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Driver's license reinstatement event draws crowds to church despite rains

Hundreds of people fill Mount Zion Progressive Missionary Baptist Church in St. Petersburg on Saturday in the hopes of having their driver’s licenses reinstated.
Hundreds of people fill Mount Zion Progressive Missionary Baptist Church in St. Petersburg on Saturday in the hopes of having their driver’s licenses reinstated.
Published Jul. 26, 2015

ST. PETERSBURG — Scores of people packed Mount Zion Progressive Missionary Baptist Church on Saturday as several others waited outside in the rain.

They were seeking a fresh start, a chance at applying for a new job or simply the ability to drive their car again without fear of getting a ticket.

The church served as the location for Driver's License Reinstatement Day, a collaboration of several agencies with the purpose of negotiating fees with people whose licenses have been suspended because of a failure to pay fines.

Nearly 2,000 showed up for the event, which was set to begin at 9 a.m., according to state Rep. Darryl Rouson, the St. Petersburg Democrat who came up with the idea. Rouson said people began lining up at 11:30 Friday night, and by 7 a.m. Saturday, the line was down the block.

With the heavy rain outside, the church staff invited those in line to wait inside the sanctuary, which was filled to its 1,200-person capacity, said Valerie Ellis, office manager for the church.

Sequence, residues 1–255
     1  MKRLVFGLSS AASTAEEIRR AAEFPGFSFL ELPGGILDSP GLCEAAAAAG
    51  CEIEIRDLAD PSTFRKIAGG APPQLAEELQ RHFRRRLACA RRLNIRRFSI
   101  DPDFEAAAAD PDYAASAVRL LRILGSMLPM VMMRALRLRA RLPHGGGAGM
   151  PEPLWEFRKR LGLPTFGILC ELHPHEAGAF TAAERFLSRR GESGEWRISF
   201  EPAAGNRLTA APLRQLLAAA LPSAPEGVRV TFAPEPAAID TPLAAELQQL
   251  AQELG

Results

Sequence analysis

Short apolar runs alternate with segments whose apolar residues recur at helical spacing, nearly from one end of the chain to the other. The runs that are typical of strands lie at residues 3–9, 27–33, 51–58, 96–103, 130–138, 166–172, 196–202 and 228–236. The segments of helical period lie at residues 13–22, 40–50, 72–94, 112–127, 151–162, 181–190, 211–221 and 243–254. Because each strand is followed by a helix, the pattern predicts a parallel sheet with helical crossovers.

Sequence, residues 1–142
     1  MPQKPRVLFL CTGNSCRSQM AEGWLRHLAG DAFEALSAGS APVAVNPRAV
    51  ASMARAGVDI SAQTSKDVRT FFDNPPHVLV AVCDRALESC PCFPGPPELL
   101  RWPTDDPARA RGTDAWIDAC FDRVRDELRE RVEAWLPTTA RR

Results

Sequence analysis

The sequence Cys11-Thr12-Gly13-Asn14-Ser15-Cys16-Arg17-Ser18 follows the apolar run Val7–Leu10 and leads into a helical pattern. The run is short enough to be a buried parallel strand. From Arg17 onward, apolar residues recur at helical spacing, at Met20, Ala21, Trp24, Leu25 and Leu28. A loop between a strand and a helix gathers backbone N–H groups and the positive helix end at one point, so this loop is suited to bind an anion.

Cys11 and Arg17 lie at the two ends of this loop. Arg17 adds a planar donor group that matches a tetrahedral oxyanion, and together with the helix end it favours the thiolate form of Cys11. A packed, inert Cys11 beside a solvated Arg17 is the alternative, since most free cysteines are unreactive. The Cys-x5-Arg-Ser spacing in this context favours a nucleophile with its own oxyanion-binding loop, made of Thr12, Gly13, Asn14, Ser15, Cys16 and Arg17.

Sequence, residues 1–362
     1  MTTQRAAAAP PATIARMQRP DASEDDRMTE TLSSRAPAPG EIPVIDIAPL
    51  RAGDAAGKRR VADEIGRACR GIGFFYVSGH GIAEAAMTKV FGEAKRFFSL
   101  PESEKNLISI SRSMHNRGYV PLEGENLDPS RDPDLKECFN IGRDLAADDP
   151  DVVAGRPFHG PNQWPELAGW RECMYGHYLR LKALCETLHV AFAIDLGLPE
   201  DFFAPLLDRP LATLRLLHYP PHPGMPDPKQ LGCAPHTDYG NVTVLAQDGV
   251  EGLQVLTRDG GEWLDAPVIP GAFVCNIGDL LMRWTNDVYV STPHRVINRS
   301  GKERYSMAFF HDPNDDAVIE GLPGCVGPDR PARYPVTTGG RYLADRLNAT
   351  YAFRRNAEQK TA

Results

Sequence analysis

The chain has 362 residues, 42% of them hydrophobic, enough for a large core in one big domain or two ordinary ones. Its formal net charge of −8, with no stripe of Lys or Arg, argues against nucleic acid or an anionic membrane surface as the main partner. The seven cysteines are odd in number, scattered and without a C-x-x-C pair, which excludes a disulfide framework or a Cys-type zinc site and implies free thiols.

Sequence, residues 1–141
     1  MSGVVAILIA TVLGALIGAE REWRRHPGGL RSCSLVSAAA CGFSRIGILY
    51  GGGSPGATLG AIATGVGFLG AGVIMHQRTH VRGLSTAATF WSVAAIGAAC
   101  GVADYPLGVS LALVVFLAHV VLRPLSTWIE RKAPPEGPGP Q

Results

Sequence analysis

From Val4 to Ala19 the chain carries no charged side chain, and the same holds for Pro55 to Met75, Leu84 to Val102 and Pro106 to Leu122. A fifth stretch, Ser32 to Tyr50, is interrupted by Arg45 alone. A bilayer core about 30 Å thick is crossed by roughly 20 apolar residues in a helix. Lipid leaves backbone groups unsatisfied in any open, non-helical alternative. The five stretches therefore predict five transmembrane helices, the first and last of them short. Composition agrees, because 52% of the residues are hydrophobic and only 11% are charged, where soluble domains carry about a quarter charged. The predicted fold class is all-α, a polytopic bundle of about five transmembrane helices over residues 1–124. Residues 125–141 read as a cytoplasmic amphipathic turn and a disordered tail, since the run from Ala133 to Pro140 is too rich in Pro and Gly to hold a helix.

The agencies organizing the event expected only about 400 people, so the big turnout made it impossible to process everyone, Rouson said. They were only able to serve about 500 people, and of those, only 100 were eligible to reinstate their licenses. Those in the crowd included people who were habitual offenders or who faced DUI or other charges.

"We just didn't have the manpower," Rouson said, although two of the state's five Florida Licensing on Wheels units were at the church.

Rouson started organizing the reinstatement event months ago to help drivers get their licenses back so they could get back on their feet. His office collaborated with the Pinellas County Sheriff's Office, the State Attorney's Office, the Pinellas County Clerk of Court, and other agencies to provide the services. Judges James Pierce and William Overton from the Sixth Judicial Circuit were also present Saturday to help reinstate licenses.

Overton was so overwhelmed with the turnout that he announced that he would host a second event to reinstate licenses on Aug. 28 at the clerk's office at 1800 66th St. N in St. Petersburg. The judge took down all of the names of the people who had to be turned away, Ellis said.

It was a momentous day for those who were able to reinstate their licenses, Rouson said. Some who owed more than $1,000 in fines were able to reinstate their licenses for only a few hundred dollars.

The financial relief was life-altering for one man, who Ellis said hasn't had a license in 10 years. He was so happy he began to play the church piano, Ellis said.

Another woman told Rouson she paid $40 for a babysitter and caught two buses in order to be present.

St. Petersburg resident Bradford Wade was hoping to reinstate his license, but he couldn't make it in time because he was spending the day at his wife's graduation from St. Petersburg College.

Wade, 50, has had trouble reinstating his license because of a previous criminal offense, he said. He can't afford to pay the fines to reinstate his license through the usual process. Wade has been trying to find employment, but without a license, he said, he has been unable to find a job.

Rouson said about 41,000 people are reported to have suspended licenses in Pinellas County.

Contact Samantha Schmidt at (813) 435-7308 or